The doorway? Only 35.
“We can’t knock down the wall,’’ said Dennis Lambert, an affable church deacon, in the drawl of his native Missouri. “We’re going to have to do something.”
Lambert, 72, jokingly calls himself the project’s “worrier in chief.’’ The church needed one, for this was no small project. This was an $1.8 million investment to build an organ bigger and more grandiose than even the one at the Kennedy Center.
Yes, a massive, baroque church organ. Like the ones you see in horror movies. Like the ones some churches are shunning in favor of drums and electric guitars. An organ with which the 700-plus members of First Baptist hope to boldly sound out the church’s purpose.
This era might be more Bieber than Bach, but the instrument would signify the power and beauty of traditional ecclesiastical music. The sound cloud emanating from the sanctuary would fill the air around Dupont Circle, attracting new members and declaring that the church was here to stay.
But first, the blower had to get through the doors.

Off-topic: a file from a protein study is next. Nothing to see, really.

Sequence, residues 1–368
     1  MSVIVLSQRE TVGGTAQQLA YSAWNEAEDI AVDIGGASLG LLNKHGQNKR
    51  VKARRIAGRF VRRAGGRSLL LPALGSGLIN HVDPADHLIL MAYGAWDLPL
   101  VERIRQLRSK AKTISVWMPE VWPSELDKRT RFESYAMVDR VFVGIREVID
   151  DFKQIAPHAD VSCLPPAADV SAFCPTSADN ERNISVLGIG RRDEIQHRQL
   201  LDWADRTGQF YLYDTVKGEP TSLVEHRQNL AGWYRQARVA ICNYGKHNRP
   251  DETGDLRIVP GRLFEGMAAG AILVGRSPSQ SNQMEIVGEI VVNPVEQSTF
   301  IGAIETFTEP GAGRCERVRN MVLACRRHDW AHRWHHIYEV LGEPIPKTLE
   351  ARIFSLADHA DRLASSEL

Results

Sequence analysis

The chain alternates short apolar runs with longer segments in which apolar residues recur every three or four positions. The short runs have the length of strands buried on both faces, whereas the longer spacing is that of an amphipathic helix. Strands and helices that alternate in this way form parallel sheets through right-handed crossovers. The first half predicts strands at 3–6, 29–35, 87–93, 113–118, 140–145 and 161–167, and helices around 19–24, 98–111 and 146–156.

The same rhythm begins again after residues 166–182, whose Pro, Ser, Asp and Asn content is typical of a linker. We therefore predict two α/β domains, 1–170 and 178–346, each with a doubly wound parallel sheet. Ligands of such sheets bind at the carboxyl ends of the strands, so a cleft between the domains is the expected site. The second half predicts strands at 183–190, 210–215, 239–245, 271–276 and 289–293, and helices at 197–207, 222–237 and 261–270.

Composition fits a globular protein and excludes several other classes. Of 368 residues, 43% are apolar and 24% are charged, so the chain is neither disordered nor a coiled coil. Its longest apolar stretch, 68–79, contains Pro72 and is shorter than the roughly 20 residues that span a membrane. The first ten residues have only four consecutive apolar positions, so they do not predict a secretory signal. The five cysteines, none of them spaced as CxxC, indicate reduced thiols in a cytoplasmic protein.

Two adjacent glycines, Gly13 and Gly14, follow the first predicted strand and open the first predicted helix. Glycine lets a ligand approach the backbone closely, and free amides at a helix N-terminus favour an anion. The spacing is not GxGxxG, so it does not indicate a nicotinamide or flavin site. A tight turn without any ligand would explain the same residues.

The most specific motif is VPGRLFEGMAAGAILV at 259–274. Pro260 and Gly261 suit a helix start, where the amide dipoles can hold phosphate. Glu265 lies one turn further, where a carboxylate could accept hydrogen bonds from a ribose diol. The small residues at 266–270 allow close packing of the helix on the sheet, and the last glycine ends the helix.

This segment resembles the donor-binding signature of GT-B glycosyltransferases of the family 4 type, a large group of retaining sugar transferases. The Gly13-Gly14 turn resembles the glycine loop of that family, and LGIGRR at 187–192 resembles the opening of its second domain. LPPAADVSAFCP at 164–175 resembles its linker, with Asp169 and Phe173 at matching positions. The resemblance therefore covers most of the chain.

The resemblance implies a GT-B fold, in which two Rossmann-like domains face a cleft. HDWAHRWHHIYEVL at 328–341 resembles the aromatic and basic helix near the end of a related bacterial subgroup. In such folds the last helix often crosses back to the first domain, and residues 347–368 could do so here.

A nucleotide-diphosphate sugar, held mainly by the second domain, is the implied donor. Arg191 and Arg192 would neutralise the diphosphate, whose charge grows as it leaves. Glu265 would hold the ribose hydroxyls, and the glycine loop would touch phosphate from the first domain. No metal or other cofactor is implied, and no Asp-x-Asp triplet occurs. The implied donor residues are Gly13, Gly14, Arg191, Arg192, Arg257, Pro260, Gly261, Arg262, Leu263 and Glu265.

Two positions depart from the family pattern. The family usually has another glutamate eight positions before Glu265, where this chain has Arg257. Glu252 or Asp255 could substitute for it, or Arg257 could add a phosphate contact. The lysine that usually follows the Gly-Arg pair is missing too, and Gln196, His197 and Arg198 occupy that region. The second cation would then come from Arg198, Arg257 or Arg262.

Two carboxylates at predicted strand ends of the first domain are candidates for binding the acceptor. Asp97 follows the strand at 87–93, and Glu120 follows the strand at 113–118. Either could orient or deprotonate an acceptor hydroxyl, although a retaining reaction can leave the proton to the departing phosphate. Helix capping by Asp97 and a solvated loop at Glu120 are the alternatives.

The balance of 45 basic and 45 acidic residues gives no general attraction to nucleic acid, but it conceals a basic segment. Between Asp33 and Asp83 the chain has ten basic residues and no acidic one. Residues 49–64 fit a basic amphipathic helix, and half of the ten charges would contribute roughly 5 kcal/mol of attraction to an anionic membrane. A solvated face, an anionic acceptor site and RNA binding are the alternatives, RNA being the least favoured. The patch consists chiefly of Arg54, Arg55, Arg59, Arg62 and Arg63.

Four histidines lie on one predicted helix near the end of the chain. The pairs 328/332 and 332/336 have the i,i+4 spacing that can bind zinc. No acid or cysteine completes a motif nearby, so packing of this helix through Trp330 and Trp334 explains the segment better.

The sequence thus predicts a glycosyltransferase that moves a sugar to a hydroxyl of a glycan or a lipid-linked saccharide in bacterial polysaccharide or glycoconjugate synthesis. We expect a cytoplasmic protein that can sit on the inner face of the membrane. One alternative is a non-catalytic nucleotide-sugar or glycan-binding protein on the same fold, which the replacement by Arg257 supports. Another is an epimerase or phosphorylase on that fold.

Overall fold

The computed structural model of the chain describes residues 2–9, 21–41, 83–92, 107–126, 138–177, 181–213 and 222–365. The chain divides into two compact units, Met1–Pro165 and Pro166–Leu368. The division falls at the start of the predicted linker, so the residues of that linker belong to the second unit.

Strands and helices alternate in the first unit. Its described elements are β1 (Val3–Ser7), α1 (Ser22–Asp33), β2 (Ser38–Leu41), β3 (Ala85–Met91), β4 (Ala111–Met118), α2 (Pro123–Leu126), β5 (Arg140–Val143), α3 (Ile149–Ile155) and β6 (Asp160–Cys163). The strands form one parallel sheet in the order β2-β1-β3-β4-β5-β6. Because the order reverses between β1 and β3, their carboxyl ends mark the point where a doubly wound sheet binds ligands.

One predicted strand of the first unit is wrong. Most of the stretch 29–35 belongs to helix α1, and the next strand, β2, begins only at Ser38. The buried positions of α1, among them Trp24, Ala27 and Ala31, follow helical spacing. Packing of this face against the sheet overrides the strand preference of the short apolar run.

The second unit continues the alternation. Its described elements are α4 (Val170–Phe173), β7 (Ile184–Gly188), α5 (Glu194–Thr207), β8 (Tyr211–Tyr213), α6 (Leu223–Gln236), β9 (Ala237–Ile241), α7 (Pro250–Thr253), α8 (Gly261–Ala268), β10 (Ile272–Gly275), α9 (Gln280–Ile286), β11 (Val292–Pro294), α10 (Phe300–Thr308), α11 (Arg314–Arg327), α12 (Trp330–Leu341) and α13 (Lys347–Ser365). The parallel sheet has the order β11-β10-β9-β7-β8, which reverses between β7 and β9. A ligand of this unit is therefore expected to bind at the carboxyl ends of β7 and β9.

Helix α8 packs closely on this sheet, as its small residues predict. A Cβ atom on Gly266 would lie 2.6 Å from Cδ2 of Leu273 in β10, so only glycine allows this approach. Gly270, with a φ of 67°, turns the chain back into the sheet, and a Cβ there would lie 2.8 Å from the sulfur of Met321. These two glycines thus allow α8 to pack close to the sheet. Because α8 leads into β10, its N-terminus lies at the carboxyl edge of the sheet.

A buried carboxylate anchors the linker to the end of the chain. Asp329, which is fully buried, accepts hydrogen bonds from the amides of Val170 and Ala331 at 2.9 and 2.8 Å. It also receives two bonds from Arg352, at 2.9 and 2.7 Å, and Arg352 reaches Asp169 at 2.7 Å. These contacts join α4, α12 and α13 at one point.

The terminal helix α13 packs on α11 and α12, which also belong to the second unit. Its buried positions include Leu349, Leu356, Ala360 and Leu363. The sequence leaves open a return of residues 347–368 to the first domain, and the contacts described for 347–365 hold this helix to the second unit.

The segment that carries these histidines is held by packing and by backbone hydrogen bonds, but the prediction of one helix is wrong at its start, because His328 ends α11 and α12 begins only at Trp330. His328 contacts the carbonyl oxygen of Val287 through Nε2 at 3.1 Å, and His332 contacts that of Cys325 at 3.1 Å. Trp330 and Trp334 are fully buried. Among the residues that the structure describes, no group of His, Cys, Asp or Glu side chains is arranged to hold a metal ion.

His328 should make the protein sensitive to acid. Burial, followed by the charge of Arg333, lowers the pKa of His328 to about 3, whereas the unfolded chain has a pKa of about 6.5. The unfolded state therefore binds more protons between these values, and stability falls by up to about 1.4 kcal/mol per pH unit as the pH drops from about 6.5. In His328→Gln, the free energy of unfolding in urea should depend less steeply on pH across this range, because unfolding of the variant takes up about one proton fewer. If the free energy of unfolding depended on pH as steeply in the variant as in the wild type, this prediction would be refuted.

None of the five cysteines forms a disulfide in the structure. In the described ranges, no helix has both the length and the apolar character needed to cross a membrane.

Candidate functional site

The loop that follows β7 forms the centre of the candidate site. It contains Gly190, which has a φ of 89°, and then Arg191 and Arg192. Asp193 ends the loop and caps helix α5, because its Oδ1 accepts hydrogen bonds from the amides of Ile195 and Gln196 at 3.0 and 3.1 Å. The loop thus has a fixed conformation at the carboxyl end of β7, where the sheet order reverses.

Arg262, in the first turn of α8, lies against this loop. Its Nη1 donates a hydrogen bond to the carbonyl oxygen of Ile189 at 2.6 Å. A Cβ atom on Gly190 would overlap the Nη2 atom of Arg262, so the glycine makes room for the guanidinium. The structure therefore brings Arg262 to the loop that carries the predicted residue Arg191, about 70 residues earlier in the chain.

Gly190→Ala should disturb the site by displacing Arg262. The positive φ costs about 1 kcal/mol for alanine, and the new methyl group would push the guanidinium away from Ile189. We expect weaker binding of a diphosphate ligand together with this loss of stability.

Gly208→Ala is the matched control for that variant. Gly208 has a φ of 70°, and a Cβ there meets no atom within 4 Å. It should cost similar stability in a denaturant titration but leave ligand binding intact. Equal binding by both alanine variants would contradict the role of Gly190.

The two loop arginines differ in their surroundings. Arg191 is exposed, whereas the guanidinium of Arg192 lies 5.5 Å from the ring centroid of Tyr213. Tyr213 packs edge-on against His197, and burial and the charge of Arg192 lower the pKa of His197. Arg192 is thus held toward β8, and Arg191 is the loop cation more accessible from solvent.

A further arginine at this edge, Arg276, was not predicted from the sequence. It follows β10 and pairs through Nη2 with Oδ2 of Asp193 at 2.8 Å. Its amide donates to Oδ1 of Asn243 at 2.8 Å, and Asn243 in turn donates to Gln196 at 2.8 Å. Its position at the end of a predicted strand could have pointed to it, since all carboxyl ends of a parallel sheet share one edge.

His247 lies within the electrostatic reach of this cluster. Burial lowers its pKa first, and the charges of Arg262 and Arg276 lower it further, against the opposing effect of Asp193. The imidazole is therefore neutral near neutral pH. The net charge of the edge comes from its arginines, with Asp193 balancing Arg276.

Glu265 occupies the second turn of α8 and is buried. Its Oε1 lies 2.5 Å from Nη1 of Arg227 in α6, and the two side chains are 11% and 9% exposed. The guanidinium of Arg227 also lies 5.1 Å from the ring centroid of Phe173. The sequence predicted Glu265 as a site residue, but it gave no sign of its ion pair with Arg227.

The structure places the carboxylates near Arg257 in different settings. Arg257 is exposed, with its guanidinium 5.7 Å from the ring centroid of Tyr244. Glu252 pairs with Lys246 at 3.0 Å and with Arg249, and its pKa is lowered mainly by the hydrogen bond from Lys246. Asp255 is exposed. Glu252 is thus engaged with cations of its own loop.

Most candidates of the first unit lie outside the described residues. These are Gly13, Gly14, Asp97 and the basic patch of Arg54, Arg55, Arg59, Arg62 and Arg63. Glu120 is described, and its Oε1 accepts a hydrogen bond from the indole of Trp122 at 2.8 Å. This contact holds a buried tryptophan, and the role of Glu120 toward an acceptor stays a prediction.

A project dating to 1955
It took 58 years to get to this point. The organ project originated in 1955, when the First Baptist Church of the City of Washington, D.C., rebuilt its home at the corner of 16th and O Streets NW. Founded in 1802, the church had been on that corner since 1890.
The 1955 reconstruction produced a glorious sanctuary with 58-foot ceilings, gothic arches and angels hidden in the woodwork. Early plans envisioned a behemoth pipe organ as a defining feature. But there wasn’t enough money to build it, and the dream was eventually set aside.
Instead, the church invested in stained-glass windows that filter the light in blues and reds when the sun hits. They built an indoor basketball court for the church team. They started a day-care program. Security bars were installed on basement windows to block out the troubles of the world.
Lawrence Schreiber, organist at First Baptist for the past 12 years, had resigned himself to playing a 1948 organ that wasn’t built for the sanctuary’s unique acoustics or suited to a congregation that thirsted for hymns and anthems from the 19th century.
Although Schreiber was one of the most accomplished organists in the city (he played at the funeral service for Lyndon B. Johnson), he made do with an organ he called “adequate” — two rows of keyboards, 2,100 pipes.
But the leather seat underneath Schreiber began to wear. Members would have to free up keys that got stuck in the middle of services. By 2010, the church had collected a number of generous donations to its half-century-old organ fund. It was time.